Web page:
At the centre of this tour was a five day stay at ‘Reclaim the Power’ in Balcombe, Sussex and in my last post I suggested writing a separate piece about the arguments for and against fracking.
Let’s look at the argument for fracking. The key arguments are that it will help energy security (and make us less dependent on foreign imports), it will reduce the prices of energy bills and it will reduce our carbon emissions because it will replace coal in electricity generating power stations.
Proponents of fracking argue that we need gas. We cannot survive off renewables alone, North Sea gas supplies are declining and the less gas we import, the less dependent we are on places like Qatar (the single largest importer of gas to the UK). Qatari gas could be switched off to us, or increased in price as a result of political instability, including instability that many would welcome (as happened in Libya when the people rose up against Gaddafi).
According to Greenpeace, imports of gas exceeded domestic gas for the first time in 2011 and Centrica estimates that 70-80% of our gas will be imported by 2020 http://www.greenpeace.org.uk/newsdesk/energy/data/where-do-we-get-our-gas
And do we really want fracking to be rolled out on a scale that would replace declining North Sea gas supplies? According to Bloomberg, this would require 10,000 to 20, 000 wells to be in operation across the UK.
I totally accept that, however serious you are about reducing carbon emissions, you will not be able to ‘switch off’ fossil fuel supplies tomorrow. But what is needed is a properly managed decline.
A number of individuals and groups, notably the independent Committee on Climate Change have shown how electricity could be virtually carbon-free by 2030. In contrast, this year the government has unveiled its plans for forty new gas-fired power stations and removed the ‘decarbonisation target’ from the Energy Bill. These power stations create ‘lock in’: a power station has a life of thirty years or so. It would be very unlikely that, once built, they would not be used. Even if shale gas boomed in the 2020s to match current North Sea gas supplies, it would only provide less than 50% of total supplies. The rest would be from imported gas.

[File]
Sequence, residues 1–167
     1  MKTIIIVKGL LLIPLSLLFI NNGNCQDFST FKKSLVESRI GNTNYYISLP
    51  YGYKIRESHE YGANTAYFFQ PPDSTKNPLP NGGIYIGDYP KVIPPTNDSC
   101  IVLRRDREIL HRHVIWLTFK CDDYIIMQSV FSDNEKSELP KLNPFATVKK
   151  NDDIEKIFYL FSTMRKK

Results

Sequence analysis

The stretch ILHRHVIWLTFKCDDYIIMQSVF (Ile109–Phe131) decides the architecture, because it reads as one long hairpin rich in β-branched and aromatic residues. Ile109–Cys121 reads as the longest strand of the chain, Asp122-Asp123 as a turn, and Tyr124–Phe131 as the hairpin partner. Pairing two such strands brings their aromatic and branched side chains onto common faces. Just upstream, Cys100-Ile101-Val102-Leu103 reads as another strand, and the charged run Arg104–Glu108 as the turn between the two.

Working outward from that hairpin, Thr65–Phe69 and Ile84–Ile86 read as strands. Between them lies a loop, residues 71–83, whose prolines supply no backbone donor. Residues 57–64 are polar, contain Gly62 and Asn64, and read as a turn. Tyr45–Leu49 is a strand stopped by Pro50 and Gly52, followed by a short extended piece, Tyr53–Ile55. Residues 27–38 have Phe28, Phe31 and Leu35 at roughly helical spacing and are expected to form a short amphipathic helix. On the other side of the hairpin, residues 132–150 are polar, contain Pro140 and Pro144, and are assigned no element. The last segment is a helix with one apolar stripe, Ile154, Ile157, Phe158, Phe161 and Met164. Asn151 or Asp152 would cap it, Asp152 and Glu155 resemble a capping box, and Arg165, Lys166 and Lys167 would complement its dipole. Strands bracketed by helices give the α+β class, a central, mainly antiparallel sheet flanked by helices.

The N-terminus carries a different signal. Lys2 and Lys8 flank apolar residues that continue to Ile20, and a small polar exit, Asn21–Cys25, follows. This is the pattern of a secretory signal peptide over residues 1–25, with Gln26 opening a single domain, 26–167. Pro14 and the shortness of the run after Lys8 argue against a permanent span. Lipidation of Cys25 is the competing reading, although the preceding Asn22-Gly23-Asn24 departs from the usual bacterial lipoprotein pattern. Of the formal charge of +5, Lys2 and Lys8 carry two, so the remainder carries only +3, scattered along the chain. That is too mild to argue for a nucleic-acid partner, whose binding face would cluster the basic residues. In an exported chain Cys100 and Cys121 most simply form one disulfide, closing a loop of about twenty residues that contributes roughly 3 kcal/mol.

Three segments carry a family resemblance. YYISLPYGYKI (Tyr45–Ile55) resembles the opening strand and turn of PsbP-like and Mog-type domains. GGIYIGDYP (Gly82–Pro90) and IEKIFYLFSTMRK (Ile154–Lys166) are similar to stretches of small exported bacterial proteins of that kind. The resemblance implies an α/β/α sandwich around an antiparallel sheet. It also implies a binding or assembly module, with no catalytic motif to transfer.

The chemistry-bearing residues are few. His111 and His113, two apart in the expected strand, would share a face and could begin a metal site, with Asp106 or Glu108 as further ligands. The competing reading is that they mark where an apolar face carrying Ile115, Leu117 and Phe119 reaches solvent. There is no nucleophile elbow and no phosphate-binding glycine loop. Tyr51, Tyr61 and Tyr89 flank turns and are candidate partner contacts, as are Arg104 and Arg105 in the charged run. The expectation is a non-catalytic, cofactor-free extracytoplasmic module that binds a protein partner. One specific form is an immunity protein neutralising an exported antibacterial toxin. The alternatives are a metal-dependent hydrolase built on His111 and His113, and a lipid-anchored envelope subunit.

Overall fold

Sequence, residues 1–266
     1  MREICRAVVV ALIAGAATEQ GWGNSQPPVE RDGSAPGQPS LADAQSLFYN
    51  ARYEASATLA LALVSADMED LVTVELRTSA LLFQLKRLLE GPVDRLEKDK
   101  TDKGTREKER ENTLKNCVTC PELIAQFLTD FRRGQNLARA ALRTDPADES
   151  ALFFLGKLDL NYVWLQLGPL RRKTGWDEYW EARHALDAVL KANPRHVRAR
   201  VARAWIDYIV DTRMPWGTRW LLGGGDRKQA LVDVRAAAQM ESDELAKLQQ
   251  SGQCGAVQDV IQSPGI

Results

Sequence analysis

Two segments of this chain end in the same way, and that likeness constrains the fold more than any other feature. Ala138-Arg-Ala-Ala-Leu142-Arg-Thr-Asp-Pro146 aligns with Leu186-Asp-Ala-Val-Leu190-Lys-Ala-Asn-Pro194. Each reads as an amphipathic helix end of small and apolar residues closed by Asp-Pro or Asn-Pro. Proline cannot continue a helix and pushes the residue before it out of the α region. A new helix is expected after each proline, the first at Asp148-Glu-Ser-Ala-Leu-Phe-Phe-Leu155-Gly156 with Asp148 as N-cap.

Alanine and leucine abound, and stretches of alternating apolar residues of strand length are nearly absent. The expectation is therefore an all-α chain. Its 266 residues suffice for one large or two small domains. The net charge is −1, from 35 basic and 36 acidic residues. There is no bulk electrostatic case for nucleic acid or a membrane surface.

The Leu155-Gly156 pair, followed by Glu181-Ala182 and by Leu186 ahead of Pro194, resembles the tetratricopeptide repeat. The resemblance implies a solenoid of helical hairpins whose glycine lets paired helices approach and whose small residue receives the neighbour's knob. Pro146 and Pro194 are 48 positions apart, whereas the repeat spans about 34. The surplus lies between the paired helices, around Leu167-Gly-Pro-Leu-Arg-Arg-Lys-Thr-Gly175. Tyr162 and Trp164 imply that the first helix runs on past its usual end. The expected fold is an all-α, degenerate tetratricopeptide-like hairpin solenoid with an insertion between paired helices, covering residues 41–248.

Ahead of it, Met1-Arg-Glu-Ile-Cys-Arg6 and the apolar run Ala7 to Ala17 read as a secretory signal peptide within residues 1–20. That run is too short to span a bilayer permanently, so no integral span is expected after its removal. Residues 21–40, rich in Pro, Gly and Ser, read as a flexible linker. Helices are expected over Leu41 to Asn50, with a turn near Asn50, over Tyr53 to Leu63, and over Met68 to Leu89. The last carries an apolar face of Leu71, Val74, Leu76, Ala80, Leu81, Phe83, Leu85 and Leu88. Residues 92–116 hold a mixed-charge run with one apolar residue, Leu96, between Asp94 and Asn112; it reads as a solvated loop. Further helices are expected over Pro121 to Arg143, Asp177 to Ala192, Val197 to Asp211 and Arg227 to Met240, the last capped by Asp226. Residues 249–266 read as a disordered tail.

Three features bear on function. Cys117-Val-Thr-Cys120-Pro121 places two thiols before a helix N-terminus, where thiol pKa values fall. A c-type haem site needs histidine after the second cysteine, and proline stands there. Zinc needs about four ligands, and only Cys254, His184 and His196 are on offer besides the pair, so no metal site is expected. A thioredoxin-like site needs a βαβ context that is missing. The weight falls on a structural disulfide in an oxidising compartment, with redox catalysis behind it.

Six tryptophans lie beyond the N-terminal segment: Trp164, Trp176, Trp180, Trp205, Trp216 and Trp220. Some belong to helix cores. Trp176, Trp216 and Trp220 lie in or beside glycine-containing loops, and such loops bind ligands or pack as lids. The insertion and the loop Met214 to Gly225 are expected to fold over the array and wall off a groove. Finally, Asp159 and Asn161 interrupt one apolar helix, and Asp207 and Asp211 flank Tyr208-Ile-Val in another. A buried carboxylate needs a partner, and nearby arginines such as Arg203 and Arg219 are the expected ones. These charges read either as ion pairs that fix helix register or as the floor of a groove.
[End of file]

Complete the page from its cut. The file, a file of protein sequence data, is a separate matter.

Perhaps the most well-aired debate over fracking has concerned its impact on energy prices. On Monday August 12, the day of my first gig on the tour, David Cameron wrote in the Daily Telegraph:
“Fracking has the real potential to drive energy bills down. …many people are struggling with the cost of living today. Where we can relieve the pressure , we must. It’s simple – gas and electric bills can go down when our home-grown energy supply goes up.”
“The reservoir of untapped energy will help people across the country who work hard and want to get on: not just families but businesses, too, who are really struggling with the high cost of energy. Just look at the United States: they’ve got 10,000 fracking wells opening up each year and their gas prices are three-and-a-half times lower than here.”
There are a number of weaknesses in this argument. The shale gas boom in the US has undoubtedly lowered energy prices. However, the US is essentially an isolated market. By contrast, the UK is plugged into an integrated European market where gas is sold to the highest bidder, whether inside or outside the UK. Experts say that even a huge increase in the amount of domestic gas the UK produces would be likely to dent the wholesale gas price.
On 2nd September Lord Stern, chair of the Grantham Research Institute on Climate Change at the London School of Economics .hit the headlines when he criticised the government to encouraging a rush into fracking without a thorough analysis of its ramifications .He said, “I do think it’s a bit odd to say you know that it will bring the price of gas down. That doesn’t look like sound economics to me. It’s baseless economics.” He went on to say that “We’ve not had a proper discussion on these serious issues.”
Even Cuadrilla themselves have said that the reduction of energy prices –in the event of a shale gas boom would be ‘insignificant’ at around 2-4%. http://www.independent.co.uk/environment/green-living/cuadrilla-pr-man-admits-george-osbornes-shale-gas-revolution-wont-cut-energy-bills-8656246.html
These points were supported in a speech by Ed Davey, the Secretary of State for Energy and Climate Change who said on 9th September that “It’s far from clear that UK shale gas production could ever replicate the price effects seen in the US. The situation is different here. ”